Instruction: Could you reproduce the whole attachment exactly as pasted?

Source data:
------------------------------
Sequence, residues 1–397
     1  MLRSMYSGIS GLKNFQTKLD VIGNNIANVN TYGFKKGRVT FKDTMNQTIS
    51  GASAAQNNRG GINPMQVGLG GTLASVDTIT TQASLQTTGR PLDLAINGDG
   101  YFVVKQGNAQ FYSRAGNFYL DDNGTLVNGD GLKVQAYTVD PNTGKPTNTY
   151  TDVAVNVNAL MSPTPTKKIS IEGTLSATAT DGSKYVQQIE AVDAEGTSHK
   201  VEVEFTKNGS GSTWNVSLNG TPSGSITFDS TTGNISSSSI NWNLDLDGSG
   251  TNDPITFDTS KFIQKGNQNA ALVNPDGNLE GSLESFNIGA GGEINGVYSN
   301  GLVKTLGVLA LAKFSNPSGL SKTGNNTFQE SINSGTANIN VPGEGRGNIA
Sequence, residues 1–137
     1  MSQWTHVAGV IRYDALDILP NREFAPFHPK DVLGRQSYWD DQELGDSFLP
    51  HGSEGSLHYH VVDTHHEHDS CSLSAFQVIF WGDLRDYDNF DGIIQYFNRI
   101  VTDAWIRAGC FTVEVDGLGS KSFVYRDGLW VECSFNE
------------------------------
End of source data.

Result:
Sequence, residues 1–397
     1  MLRSMYSGIS GLKNFQTKLD VIGNNIANVN TYGFKKGRVT FKDTMNQTIS
    51  GASAAQNNRG GINPMQVGLG GTLASVDTIT TQASLQTTGR PLDLAINGDG
   101  YFVVKQGNAQ FYSRAGNFYL DDNGTLVNGD GLKVQAYTVD PNTGKPTNTY
   151  TDVAVNVNAL MSPTPTKKIS IEGTLSATAT DGSKYVQQIE AVDAEGTSHK
   201  VEVEFTKNGS GSTWNVSLNG TPSGSITFDS TTGNISSSSI NWNLDLDGSG
   251  TNDPITFDTS KFIQKGNQNA ALVNPDGNLE GSLESFNIGA GGEINGVYSN
   301  GLVKTLGVLA LAKFSNPSGL SKTGNNTFQE SINSGTANIN VPGEGRGNIA
Sequence, residues 1–137
     1  MSQWTHVAGV IRYDALDILP NREFAPFHPK DVLGRQSYWD DQELGDSFLP
    51  HGSEGSLHYH VVDTHHEHDS CSLSAFQVIF WGDLRDYDNF DGIIQYFNRI
   101  VTDAWIRAGC FTVEVDGLGS KSFVYRDGLW VECSFNE